Written and Directed by: Rino Di Silvestro
Starring: John Steiner, Lina Polito, and Erna Schurer
Reviewed by: Brett Gallman
“I want to drink your saliva, bite your body, suck your blood."
Of all the exploitation sub-genres, Naziploitation is arguably the ballsiest, or at least the one done in the poorest of tastes. It’s the cinematic equivalent of cheap heat: everyone hates a fuckin’ Nazi, and their atrocities are so infamous that translating them into schlock flick villains is equally predictable and outrageous. The rise of this particular genre is one of the damnedest things to emerge out of the 70s—it’s almost as if its pioneers decided to gaze into the abyss of World War II and project the wildest, filthiest, and most perverse stuff imaginable because the Third Reich was a natural breeding ground for it all.
As you might imagine, it’s a genre whose reputation casts a long shadow that sometimes outruns the actual films. Such is the case with Deported Women of the SS Special Section, one of the more notorious titles to arise out of Europe during this time. While there’s no denying the film’s twisted depravity, it’s tough to see it as anything more than base provocation that becomes dull and diluted—sometimes, the abyss gazes back and only offers more emptiness.
I know that sounds like an obvious criticism for this genre. Obviously, many of these films had little-to-no interest in tackling the psychology behind Nazi Germany and existed only to exploit its physical horrors and twist them into a psychosexual maelstrom, but Deported Women aggressively wallows in luridness for the sake of it. Its loose plot revolves around a group of women shipped off to a Nazi death camp, where they’re humiliated and forced to serve as field whores. Depraved commander Erner (John Steiner) lords over the camp with the help of various wicked wardens, all of whom sexually degrade and torment the captives.
So it goes for about 97 minutes. The film can’t be said to have much of a through-line, as it’s essentially a parade of bizarre, disturbing sequences that give way to a jailbreak plot towards the end. Some are more outlandish and memorable than others, but I’ll pick out one highlight in particular that probably reveals all you need to know about Deported Women. Predictably, the male gaze is in full effect, with the camera consistently leering at the often disrobed prisoners (hell, a woman drops trou on a cattle car within the first 45 seconds); however, director Rino Di Silvestro takes it to absurd lengths with a drawn-out scene where the new arrivals are forced to strip and shave their pubic hair. If the film’s aspirations weren’t already apparent here, just know that it actually has no ramifications on the movie at all—none of the women appear to be shorn at any later point in the film.
I could continue rattling off other outlandish instances—the film boasts more than a few, some of which will leave you collecting your jaw from the floor. But what’s more outrageous is how the film never feels all that unhinged, perhaps because it lacks a pulse and any sort of verve. Instead, this is an especially roughshod Eurohorror joint filled with awkward cuts, warbly cinematography, baffling transitions, and a general aimlessness that saps the film of its potency. For all its debauchery, the Deported Women rarely comes alive. Most of those instances in which it does involve Steiner, who is a perverse delight as the camp’s main commanding officer. Basically affecting a riff on Udo Kier’s performances under Andy Warhol, Steiner is the exact sort of campy presence the film needs to keep it from veering into truly disturbing territory—he’s a hoot, especially when he’s ogling after one of the prisoners like a lovesick puppy.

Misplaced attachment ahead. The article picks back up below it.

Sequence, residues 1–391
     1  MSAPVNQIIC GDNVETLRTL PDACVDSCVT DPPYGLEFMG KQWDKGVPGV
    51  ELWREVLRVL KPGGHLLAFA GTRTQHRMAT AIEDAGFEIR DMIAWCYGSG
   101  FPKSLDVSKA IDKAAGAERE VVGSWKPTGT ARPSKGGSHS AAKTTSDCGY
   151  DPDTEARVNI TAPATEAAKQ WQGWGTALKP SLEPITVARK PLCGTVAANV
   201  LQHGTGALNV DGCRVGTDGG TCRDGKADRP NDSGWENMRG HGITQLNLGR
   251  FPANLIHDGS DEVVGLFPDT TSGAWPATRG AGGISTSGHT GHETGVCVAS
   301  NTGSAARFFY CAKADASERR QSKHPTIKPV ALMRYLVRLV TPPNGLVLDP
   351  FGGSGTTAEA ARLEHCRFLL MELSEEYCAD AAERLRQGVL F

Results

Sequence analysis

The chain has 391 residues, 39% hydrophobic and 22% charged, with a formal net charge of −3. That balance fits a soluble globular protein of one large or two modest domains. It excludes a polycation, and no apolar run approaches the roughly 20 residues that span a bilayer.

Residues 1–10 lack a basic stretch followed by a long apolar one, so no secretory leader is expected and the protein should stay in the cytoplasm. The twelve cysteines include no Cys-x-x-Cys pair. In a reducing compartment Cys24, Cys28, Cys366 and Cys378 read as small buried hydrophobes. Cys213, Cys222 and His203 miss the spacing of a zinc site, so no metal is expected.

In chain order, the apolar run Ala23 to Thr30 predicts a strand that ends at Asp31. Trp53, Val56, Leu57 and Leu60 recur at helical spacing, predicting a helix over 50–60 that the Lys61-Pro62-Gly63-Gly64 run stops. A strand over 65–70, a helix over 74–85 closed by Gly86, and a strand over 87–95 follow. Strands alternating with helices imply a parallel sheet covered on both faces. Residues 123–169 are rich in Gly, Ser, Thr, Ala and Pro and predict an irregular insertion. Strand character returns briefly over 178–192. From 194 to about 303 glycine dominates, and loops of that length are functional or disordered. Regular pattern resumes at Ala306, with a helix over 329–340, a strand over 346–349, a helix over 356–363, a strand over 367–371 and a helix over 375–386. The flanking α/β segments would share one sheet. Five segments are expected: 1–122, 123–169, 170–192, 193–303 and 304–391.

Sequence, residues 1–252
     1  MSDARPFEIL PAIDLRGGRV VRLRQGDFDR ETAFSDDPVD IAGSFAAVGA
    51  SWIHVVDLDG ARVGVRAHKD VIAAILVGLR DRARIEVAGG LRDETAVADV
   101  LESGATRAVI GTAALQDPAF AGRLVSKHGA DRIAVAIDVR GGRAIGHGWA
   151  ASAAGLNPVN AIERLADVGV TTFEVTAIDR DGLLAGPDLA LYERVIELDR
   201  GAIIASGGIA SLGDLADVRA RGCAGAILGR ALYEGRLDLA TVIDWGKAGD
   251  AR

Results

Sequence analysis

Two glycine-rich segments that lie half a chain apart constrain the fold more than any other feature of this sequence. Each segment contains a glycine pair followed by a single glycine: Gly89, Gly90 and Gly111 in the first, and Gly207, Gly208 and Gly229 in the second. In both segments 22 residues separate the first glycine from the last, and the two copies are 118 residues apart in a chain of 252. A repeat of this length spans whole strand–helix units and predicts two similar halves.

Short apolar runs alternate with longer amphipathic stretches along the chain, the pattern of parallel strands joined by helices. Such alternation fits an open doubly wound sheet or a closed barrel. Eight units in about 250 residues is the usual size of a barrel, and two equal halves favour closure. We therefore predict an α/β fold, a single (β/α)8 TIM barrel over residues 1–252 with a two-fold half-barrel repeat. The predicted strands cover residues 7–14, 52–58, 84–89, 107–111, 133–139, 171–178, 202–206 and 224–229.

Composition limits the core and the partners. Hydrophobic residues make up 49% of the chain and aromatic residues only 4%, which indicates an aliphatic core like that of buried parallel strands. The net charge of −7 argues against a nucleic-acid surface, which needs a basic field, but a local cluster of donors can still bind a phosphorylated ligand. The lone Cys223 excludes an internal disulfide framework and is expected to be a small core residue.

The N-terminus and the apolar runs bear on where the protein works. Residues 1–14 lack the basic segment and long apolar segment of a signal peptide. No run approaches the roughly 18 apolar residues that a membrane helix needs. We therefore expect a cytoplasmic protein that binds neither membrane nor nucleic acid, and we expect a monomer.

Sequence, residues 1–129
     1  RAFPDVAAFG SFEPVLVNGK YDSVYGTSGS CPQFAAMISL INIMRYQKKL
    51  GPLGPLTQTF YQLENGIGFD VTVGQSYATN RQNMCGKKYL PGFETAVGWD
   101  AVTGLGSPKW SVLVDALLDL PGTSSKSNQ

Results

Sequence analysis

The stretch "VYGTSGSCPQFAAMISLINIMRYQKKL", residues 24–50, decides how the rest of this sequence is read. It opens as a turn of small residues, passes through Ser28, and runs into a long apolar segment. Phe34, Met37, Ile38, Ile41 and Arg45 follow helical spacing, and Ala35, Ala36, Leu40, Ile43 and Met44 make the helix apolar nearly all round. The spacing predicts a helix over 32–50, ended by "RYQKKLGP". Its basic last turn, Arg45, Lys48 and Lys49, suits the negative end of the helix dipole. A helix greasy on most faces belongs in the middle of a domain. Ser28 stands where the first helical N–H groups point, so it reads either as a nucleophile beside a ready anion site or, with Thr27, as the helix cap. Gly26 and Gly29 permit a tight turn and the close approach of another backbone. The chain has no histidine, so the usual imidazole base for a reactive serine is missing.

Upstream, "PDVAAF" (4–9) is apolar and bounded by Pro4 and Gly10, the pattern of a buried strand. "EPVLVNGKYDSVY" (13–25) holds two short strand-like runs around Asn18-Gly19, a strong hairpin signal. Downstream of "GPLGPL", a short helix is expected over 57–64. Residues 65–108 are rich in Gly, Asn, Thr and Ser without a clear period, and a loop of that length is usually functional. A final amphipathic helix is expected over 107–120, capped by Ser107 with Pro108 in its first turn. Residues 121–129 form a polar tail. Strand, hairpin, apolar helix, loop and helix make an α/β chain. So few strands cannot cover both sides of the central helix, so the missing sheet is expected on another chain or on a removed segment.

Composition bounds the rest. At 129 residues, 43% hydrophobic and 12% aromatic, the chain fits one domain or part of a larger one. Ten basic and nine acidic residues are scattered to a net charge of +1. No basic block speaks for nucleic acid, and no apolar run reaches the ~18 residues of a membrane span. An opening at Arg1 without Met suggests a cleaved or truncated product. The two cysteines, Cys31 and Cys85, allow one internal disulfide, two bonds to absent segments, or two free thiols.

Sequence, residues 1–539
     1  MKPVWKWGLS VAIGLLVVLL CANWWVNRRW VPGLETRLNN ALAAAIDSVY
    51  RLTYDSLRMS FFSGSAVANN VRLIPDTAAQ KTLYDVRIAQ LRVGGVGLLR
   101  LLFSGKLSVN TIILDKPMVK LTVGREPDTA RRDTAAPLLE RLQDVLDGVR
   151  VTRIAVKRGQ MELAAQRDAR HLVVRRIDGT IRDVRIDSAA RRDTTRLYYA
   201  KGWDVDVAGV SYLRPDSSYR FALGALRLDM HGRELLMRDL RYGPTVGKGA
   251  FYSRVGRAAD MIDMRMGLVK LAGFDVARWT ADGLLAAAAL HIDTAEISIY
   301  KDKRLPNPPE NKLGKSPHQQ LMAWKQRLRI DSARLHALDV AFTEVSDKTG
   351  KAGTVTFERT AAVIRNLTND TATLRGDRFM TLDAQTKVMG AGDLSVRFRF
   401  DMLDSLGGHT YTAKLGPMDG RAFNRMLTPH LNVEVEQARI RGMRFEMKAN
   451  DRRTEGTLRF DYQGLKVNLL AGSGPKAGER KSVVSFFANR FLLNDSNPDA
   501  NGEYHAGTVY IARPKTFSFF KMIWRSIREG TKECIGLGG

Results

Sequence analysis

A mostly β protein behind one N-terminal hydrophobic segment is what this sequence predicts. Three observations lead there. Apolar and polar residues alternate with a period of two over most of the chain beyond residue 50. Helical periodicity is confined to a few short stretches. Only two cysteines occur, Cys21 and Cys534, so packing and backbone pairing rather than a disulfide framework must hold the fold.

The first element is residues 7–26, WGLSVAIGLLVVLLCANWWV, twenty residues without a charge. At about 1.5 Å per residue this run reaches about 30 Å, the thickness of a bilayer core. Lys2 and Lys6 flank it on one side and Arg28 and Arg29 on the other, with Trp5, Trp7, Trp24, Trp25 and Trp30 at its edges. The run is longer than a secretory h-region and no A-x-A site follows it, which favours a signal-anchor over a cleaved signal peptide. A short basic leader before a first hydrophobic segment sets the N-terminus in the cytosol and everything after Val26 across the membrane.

Everything surrounding Steiner is hit-and-miss. His frauleins make for decent Ilsa wannabes, but they mostly serve to provide titillation by bedding the inmates during softcore sequences. Deported Women is slathered in such sleaze and grime, and its best supporting star is arguably the decrepit castle housing its depravity. There’s a tinge of the gothic here to give the film the faintest sense of style and atmosphere. It’s often bathed in a pale moonlight to accentuate the prisoners’ despair; this isn’t so much a traditional Nazi death camp so much as it’s a deteriorating torture dungeon. That the film is set during the War’s twilight seems appropriate, as these Nazis are obsessed with restoring European glory, yet they operate out of its decaying, ancient innards and have relented to a last gasp of madness.
That’s probably giving Deported Women way too much credit and reading too far into things, of course. I’d like to give the film credit for something, especially since my experiences with this sub-genre have been less than stellar. Dismissing it as “not for me” seems too easy because I’m not sure these films were “made” for any sort of audience; instead, they’re more like psychotic projections, bursts of reptilian impulses committed to celluloid. There’s certainly something a little admirable about that, as is Intervision’s decision to champion such efforts with a new DVD edition for Deported Women. The source material for their transfer is appropriately rough and scuzzy, but that just feels right; in Video Nasties, Neil Marshall made a fair point that some films derive power from coarse presentations, and that sentiment applies here. Intervision has outfitted the release with interviews featuring Di Silvestro, Steiner, and film historian Dr. Marcus Stiglegger. This release also boasts a totally uncensored cut of the film that includes the infamous “cork and razor” scene. I’ll say no more. Rent it!
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